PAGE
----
A little later, a friend of Barbara O’Brien came over to visit. The two went to the upstairs deck to have a glass of wine while Jenny entertained her teenage friends in the backyard below.

To Guy Rubin, the Stones’ attorney, this was just one of the many areas where he says the O’Brien’s failed as parents that night.

Guy Rubin, Stones’ attorney: Why was she upstairs? If she finds it one time and she knows the kids have alcohol on her property, why is she drinking if she’s the chaperone? Why is she upstairs? Why isn’t she in the middle of the kids?

Murphy: Why does she have to be the state trooper?

Rubin: Because it’s her house and the law says so.

Murphy: She has to be a super-parent?

Rubin: No. She needs to be a responsible parent.

The O’Briens were reeling and the courtroom story was about to get worse.

The O’Briens, accused in a law suit of being nothing less than irresponsible parents, heard still more disturbing testimony about their daughter’s backyard barbecue party.

From the upstairs deck, Barbara O’Brien’s friend was saying she could see the drinking hadn’t stopped. She saw one boy by the dock.

(Court transcript) Brogan: He was walking with two long neck bottles of beer. 

Attorney: Did you have any conversation with Mrs. O’Brien?

Brogan: She said, “I’m going down there and take it from him.” She went down and took the beer bottles from the boy.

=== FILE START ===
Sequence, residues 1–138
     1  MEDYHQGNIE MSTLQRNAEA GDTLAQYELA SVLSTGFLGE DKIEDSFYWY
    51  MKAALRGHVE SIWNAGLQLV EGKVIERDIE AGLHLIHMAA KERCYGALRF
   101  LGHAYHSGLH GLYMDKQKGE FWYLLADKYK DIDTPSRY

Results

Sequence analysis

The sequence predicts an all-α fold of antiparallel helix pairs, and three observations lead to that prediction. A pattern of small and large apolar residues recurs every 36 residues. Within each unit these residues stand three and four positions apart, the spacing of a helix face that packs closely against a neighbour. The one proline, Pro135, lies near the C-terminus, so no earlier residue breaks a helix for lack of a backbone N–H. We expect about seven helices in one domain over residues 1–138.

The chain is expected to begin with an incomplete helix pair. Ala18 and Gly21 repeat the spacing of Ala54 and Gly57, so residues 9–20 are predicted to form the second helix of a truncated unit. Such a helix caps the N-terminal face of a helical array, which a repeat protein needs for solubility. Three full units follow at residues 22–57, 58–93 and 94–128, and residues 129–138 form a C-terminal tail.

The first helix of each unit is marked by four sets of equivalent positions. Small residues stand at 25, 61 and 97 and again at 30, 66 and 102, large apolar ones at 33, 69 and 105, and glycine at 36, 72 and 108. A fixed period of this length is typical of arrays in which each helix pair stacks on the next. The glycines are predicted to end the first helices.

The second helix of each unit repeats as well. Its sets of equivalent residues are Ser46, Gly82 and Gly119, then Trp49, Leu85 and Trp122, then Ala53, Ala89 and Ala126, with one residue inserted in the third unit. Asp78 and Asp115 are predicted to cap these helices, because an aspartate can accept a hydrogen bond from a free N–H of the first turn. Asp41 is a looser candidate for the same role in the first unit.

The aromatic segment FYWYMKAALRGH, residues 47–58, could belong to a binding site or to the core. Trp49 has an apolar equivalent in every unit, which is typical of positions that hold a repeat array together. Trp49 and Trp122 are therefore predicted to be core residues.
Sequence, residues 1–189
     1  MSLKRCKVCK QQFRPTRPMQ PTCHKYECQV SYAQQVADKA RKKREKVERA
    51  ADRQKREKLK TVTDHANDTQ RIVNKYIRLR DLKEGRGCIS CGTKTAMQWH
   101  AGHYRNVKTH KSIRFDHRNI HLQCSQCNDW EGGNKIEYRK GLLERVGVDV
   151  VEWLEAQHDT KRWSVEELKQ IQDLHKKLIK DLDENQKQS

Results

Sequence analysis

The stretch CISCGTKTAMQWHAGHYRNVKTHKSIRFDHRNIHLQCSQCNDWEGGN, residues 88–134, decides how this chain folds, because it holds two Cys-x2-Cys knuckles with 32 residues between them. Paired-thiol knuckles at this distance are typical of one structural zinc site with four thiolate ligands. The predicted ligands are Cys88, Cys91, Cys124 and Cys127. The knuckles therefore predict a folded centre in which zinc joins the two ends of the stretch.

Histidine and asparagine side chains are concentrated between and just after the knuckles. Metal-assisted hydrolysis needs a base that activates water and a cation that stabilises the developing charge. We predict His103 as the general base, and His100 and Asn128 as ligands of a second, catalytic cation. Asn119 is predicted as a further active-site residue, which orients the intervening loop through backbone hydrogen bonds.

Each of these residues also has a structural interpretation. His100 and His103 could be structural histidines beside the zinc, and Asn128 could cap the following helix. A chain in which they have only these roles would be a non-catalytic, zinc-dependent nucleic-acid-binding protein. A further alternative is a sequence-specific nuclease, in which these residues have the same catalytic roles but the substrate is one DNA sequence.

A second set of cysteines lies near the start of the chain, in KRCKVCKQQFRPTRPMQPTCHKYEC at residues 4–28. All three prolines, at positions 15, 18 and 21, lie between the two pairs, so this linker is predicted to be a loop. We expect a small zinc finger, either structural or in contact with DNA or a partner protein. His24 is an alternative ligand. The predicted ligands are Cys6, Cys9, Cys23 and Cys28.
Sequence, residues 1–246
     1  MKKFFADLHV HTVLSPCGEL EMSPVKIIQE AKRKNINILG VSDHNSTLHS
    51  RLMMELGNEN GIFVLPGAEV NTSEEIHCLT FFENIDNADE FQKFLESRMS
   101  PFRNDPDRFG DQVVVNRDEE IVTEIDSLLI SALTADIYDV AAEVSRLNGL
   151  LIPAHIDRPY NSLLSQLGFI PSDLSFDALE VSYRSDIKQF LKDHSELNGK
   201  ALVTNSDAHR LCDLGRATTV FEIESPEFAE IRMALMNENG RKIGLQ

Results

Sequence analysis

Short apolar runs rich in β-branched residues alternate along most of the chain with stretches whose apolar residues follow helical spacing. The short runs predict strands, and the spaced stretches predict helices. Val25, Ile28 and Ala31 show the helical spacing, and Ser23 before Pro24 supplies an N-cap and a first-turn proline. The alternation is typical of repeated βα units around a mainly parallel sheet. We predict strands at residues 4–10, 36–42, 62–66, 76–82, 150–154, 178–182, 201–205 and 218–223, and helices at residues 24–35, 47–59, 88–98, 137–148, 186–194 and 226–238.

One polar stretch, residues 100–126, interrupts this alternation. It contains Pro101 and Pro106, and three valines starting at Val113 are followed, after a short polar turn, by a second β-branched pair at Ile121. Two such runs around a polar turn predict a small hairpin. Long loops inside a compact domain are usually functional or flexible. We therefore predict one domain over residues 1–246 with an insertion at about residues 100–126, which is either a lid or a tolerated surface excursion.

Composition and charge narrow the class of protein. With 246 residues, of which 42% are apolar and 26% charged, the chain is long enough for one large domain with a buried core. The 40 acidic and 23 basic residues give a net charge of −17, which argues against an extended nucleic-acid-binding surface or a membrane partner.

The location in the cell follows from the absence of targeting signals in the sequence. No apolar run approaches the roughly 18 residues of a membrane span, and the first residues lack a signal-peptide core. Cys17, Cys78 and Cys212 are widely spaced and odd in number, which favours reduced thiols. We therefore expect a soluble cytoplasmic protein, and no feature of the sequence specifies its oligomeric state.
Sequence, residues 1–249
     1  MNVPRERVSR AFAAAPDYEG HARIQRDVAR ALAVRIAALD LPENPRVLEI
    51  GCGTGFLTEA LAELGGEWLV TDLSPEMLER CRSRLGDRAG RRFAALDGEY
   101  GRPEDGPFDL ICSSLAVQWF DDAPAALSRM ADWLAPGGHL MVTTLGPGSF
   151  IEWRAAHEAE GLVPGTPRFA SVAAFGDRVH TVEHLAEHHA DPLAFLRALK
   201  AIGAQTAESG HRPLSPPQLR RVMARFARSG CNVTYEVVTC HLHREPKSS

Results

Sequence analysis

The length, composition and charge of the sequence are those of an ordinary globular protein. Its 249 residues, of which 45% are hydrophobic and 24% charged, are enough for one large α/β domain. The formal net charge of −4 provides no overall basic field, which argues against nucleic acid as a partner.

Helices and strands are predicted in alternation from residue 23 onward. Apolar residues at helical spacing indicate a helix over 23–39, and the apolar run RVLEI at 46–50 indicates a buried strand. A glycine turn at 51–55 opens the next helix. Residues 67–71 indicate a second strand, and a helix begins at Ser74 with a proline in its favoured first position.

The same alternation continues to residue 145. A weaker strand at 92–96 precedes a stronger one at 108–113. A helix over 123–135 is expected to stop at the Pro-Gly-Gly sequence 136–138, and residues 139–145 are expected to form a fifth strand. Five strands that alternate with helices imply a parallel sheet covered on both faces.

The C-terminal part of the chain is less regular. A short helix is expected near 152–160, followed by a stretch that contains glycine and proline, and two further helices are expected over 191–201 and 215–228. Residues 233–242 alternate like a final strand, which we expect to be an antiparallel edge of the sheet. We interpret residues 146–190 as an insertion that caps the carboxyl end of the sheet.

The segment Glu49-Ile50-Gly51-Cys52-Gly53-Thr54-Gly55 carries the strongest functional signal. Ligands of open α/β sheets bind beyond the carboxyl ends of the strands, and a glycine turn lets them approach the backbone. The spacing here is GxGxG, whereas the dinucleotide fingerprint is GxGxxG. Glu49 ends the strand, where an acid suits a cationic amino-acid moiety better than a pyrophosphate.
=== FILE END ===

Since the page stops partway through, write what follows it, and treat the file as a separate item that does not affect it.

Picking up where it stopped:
But was that enough, asked the Stones?

Beth Stone: There were no other consequences other than pouring out the alcohol. No parents were called. No keys were taken. The party wasn’t stopped. No one got into trouble.

(Court transcript) Attorney: Did you ever observe Mrs. O’Brien take any keys, car keys away from kids?

Brogan: I did not.

Attorney: Did you ever observe Mrs. O’Brien call any parents?

Brogan: I did not.

Tim Stone: There have to be consequences beyond taking the alcohol away. At some point after the kids continued to consume alcohol even though they supposedly knew the house rule which was no drinking allowed, it seems reasonable that additional steps would have been taken.

But from what the Stone’s learned there weren’t... even Jenny said she would have been surprised if her mother had ended the party.

Attorney: Did you expect your mom to allow the party to continue even though she was finding alcohol?

Jenny O’Brien: Yes, because it was under control.

Attorney: From your vantage point or from your mom’s vantage point?

Jenny O’Brien: From my mom’s.

Attorney: Did your mom come up to you after she was finding all this alcohol, and at any time have any discussion with you about “Enough is enough, I’m thinking about stopping the party?”

Jenny O’Brien: No sir.

And it wasn’t the first time the O’Briens had found signs of Jenny and her friends with alcohol—the most recent incident three months earlier.